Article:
Module 3: Information Systems Ethics: Privacy, Accuracy,
Intellectual Property, and Accessibility
Privacy Issues in Information Systems
Accuracy and Accountability Issues in Information Systems
Intellectual Property Issues in Information Systems
Access in Information Systems
As you have read in previous modules, the rapid growth of information technology has provided
tremendous opportunities as well as ethical challenges. In this module, we will discuss some of
the specific issues related to the areas of privacy, accuracy, intellectual property, and
accessibility. How we think about these issues, how we value these concepts in our society, and
why we might value them specifically in a democratic society are important issues that we should
consider in this course.
Privacy Issues in Information Systems
What is privacy? Webster gives the following definition: "the quality or state of being apart from
company or observation" (Merriam-Webster Inc. 2003, 988). On a more political level, the U.S.
government began to address the issue of privacy, at least in part, in the Bill of Rights, which is
the first ten amendments of the U.S. Constitution. Take a look at how the First Amendment
addresses the protection of free speech and expression by clicking on First Amendment. Click on
the Fourth Amendment to see how it relates to privacy by addressing the issue of unreasonable
search and seizure.
The forms of protection granted to citizens in the Bill of Rights are individual protections. As a
society, we in the United States value the way our rights are formulated, often without thinking
about specific rights and why they are important in a free society. Certainly, we are all familiar
with popular visions of societies where there is a lack of individual privacy, from George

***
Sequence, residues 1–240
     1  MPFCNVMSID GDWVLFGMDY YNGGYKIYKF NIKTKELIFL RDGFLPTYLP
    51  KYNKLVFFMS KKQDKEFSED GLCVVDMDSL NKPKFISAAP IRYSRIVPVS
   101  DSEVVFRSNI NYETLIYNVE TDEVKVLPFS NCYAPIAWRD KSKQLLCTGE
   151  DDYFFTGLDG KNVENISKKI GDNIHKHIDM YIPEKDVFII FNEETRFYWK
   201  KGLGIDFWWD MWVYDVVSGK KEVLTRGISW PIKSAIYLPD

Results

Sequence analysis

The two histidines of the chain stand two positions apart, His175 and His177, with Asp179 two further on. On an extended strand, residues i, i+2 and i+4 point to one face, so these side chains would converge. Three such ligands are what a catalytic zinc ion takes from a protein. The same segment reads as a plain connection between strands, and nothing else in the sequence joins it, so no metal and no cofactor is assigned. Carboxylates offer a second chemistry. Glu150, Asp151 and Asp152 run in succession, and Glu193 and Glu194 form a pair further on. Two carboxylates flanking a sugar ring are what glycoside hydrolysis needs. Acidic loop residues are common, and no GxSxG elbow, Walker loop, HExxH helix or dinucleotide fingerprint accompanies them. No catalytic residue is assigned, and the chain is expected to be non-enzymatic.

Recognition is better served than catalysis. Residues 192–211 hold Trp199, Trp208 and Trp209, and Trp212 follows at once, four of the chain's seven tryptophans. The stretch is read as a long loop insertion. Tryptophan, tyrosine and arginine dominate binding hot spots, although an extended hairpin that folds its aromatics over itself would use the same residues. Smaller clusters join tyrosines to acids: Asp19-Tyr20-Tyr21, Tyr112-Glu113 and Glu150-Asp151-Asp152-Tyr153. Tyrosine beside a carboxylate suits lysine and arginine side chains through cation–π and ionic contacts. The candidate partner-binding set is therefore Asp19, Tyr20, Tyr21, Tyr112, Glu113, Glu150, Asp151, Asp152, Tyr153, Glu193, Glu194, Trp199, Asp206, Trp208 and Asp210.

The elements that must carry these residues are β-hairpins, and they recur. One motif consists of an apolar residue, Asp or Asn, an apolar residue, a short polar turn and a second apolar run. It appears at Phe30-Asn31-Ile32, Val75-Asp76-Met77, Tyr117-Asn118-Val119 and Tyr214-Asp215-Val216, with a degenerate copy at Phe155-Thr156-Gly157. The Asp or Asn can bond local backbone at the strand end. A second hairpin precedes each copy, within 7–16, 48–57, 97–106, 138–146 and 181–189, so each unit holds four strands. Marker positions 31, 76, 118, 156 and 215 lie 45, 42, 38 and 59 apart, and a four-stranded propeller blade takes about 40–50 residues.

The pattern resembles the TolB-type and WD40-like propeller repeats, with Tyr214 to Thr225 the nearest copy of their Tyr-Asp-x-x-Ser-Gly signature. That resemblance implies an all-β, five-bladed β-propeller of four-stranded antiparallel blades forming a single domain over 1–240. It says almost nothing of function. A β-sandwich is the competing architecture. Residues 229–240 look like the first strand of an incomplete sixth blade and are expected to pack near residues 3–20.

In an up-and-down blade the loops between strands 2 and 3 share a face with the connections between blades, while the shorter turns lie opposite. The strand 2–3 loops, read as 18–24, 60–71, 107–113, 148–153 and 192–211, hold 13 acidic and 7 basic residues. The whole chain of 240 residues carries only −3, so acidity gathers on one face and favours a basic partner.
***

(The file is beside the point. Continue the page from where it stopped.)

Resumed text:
Orwell's 1984 (1948) or Ray Bradbury's Fahrenheit 451 (1953) to popular modern movies such
as Enemy of the State (1998), Gattaca (1997), and The Net (1995). As information technology
professionals, managers, and citizens in an information society, we have a need to deepen our
understanding beyond these fictional examples, as compelling and imaginative as they may be.
Quoting from An Anatomy of Values: Problems of Personal and Social Choice by Charles Fried
(Fried, 1970, p. 141), Manuel Velasquez, in Business Ethics: Concepts and Cases (Velasquez,
1992, p. 396), describes privacy as "the right of persons to determine the type and extent of
disclosure of information about themselves." Velasquez makes the point that physical and
psychological privacy are separate subsets, but that physical privacy tends to protect
psychological privacy, e.g., security of our person and property tends to protect the privacy of
our thoughts, feelings, plans, personal beliefs, and desires. Velasquez suggests three aspects
that should be considered when collecting information (about employees) (Velasquez, 1992, pp.
Velasquez provides a useful perspective on the vast impact the Internet and modern computing
environments have made on the traditional realm of privacy and privacy rights. First, the virtual
world of information and networks is in some ways closer to our "psychological space" than to
our physical space. Anonymity, for example, is easily achieved in cyberspace, but far more
difficult in a face-to-face context. Second, the three aspects of relevance, consent, and methods
have been radically altered by information technology. The most irrelevant data may be
collected, at low or no cost to the collector, as we surf the Internet or input information into our
computers, and this data can then be turned into something potentially valuable by inexpensive,
high-capacity computing capabilities. Consent is often optional, or unsolicited, as evidenced by
Companies, agencies, and organizations using the Web to attract and service customers are now
being asked hard questions about just what they are collecting with these cookies, and what they